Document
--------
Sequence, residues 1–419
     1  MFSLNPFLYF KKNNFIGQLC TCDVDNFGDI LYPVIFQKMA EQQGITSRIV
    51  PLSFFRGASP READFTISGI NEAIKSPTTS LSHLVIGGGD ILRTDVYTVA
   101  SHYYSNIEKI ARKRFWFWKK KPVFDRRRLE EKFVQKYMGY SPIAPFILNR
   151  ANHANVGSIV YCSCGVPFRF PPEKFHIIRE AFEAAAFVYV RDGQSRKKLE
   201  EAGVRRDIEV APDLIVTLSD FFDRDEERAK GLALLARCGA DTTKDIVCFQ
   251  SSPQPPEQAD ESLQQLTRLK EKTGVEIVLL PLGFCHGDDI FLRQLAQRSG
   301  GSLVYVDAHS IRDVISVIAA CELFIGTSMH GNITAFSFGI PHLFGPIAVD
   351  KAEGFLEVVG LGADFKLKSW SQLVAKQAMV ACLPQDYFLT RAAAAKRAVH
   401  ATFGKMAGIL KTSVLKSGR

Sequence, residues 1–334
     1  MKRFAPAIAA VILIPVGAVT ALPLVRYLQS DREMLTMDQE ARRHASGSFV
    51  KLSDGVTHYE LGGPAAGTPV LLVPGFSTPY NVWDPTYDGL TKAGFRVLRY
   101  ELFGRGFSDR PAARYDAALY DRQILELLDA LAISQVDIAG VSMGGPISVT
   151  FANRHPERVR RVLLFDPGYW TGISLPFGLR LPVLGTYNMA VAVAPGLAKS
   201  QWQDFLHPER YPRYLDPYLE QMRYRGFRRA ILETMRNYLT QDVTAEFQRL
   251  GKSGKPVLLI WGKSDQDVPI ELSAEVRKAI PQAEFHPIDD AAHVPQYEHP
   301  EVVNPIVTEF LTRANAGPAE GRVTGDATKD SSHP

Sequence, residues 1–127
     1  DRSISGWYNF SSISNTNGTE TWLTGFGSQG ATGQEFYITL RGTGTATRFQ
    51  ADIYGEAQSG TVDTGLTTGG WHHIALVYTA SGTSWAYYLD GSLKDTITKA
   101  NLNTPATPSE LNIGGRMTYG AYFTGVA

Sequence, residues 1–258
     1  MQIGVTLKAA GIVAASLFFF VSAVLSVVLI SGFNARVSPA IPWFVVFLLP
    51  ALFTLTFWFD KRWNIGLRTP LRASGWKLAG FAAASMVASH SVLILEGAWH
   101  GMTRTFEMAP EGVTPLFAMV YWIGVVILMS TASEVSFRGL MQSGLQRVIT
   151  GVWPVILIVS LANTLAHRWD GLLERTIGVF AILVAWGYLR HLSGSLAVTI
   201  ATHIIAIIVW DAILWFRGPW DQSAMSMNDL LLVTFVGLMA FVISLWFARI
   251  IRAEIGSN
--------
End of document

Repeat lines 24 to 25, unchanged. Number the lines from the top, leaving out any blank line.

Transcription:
     1  MQIGVTLKAA GIVAASLFFF VSAVLSVVLI SGFNARVSPA IPWFVVFLLP
    51  ALFTLTFWFD KRWNIGLRTP LRASGWKLAG FAAASMVASH SVLILEGAWH